Science Junkie
X-Ray Video Reveals How Bats Power Flight
Novel X-ray video of fruit bats mid-flight reveals a remarkably detailed look at the muscular and skeletal structure required for the mammals to take flight.
Using XROMM (X-ray Reconstruction of Moving Morphology) technology, a team of scientists led by Brown University’s Nicolai Konow was able to better understand how bats manage to be the only mammal capable of sustained flight by capturing three-dimensional images of bone structure and movement patterns.
A big player in the bats’ ability to get airborne, the researchers learned, is the mammals’ capacity to store and recycle energy in the extra-stretchy material of their bicep and triceps tendons.
Read more
Video: [x]Image: by Stefano Milan.
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X-Ray Video Reveals How Bats Power Flight
Novel X-ray video of fruit bats mid-flight reveals a remarkably detailed look at the muscular and skeletal structure required for the mammals to take flight.
Using XROMM (X-ray Reconstruction of Moving Morphology) technology, a team of scientists led by Brown University’s Nicolai Konow was able to better understand how bats manage to be the only mammal capable of sustained flight by capturing three-dimensional images of bone structure and movement patterns.
A big player in the bats’ ability to get airborne, the researchers learned, is the mammals’ capacity to store and recycle energy in the extra-stretchy material of their bicep and triceps tendons.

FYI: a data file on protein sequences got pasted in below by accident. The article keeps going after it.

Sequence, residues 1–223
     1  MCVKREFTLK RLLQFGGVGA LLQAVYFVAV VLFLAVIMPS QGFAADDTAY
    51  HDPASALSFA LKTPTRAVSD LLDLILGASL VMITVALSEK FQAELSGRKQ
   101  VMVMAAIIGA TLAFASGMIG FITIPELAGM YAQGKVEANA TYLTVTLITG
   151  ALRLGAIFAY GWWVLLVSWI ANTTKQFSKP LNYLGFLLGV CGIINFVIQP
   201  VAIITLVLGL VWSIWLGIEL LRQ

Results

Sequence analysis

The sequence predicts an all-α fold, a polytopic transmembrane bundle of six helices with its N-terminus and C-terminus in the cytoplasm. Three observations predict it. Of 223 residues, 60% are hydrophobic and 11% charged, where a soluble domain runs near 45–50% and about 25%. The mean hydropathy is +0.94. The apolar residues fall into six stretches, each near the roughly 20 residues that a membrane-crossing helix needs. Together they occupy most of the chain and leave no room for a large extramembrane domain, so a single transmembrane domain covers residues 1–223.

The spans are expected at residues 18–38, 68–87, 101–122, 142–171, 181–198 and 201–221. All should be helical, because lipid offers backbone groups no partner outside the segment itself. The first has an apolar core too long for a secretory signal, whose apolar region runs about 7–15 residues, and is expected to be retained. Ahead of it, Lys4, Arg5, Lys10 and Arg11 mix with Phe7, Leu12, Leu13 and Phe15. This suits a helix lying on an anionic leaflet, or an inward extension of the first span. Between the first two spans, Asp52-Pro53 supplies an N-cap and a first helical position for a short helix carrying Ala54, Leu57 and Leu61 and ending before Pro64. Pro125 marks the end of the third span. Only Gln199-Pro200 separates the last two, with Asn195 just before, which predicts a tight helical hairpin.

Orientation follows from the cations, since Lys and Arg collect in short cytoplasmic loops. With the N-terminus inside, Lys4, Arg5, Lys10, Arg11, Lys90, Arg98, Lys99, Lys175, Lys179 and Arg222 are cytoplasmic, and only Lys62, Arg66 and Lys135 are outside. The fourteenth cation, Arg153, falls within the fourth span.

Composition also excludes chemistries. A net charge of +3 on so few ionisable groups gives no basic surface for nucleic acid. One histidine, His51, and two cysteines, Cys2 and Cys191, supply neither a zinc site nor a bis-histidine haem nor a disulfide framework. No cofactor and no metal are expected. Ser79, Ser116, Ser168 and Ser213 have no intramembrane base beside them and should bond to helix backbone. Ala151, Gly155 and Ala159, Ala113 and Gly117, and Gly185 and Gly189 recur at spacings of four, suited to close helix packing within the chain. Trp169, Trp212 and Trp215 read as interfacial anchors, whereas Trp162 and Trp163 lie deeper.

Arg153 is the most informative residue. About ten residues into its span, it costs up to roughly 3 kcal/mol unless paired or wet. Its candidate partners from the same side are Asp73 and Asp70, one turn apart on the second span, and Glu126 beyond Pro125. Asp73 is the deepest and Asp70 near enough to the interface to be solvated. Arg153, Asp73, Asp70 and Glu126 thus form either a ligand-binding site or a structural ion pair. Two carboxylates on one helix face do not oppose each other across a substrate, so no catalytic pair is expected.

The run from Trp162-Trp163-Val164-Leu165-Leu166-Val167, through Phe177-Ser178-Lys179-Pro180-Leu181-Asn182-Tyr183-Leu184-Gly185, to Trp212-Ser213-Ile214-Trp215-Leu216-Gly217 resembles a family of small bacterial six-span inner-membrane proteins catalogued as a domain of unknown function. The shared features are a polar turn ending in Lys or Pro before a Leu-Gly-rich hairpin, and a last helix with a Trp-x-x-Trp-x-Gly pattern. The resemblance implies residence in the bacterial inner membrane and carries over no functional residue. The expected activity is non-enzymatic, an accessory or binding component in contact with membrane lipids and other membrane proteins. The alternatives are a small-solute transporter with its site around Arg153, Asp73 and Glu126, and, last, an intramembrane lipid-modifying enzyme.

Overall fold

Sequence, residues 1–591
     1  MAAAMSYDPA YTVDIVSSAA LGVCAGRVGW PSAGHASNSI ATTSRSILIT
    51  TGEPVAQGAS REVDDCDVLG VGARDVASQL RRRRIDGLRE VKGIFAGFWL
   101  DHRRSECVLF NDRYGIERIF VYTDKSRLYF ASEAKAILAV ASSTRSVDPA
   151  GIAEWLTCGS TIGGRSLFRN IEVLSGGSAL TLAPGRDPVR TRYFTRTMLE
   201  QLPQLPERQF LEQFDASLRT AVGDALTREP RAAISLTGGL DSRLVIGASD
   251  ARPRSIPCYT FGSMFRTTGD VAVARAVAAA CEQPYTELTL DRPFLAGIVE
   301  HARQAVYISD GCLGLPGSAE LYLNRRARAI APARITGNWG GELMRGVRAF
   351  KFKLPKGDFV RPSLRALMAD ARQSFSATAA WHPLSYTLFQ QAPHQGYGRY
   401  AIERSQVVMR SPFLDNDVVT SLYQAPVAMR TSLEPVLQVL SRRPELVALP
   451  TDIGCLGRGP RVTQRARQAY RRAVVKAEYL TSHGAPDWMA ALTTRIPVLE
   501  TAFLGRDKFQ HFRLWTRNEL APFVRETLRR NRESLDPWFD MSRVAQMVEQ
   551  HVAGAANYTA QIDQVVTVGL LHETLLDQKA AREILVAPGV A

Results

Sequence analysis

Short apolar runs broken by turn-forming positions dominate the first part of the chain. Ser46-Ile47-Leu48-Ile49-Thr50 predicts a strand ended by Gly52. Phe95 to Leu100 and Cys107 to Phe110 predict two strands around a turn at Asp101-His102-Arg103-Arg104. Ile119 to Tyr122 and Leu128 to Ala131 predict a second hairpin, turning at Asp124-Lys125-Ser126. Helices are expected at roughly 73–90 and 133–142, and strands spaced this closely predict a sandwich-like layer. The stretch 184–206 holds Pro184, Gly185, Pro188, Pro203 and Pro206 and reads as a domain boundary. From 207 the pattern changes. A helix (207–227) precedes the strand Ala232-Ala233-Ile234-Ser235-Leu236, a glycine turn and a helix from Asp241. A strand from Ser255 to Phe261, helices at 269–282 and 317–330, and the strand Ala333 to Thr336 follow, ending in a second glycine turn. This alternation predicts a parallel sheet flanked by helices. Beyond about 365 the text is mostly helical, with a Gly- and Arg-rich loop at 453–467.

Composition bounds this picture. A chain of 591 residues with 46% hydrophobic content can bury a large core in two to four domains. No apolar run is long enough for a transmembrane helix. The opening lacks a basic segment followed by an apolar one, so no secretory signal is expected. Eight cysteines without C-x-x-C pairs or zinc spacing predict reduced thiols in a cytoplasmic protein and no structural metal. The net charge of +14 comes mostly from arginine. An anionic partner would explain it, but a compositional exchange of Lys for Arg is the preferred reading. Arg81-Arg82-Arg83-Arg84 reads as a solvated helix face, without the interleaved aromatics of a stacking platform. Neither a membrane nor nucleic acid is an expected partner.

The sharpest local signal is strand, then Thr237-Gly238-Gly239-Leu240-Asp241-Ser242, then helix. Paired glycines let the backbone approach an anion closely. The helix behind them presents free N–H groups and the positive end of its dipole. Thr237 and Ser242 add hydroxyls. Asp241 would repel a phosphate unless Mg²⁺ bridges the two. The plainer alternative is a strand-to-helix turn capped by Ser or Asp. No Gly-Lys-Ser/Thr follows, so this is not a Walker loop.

Read more
Video: [x]Image: by Stefano Milan.
Zoom Info

X-Ray Video Reveals How Bats Power Flight

Novel X-ray video of fruit bats mid-flight reveals a remarkably detailed look at the muscular and skeletal structure required for the mammals to take flight.

Using XROMM (X-ray Reconstruction of Moving Morphology) technology, a team of scientists led by Brown University’s Nicolai Konow was able to better understand how bats manage to be the only mammal capable of sustained flight by capturing three-dimensional images of bone structure and movement patterns.

A big player in the bats’ ability to get airborne, the researchers learned, is the mammals’ capacity to store and recycle energy in the extra-stretchy material of their bicep and triceps tendons.


Read more

Video: [x]
Image: by Stefano Milan.







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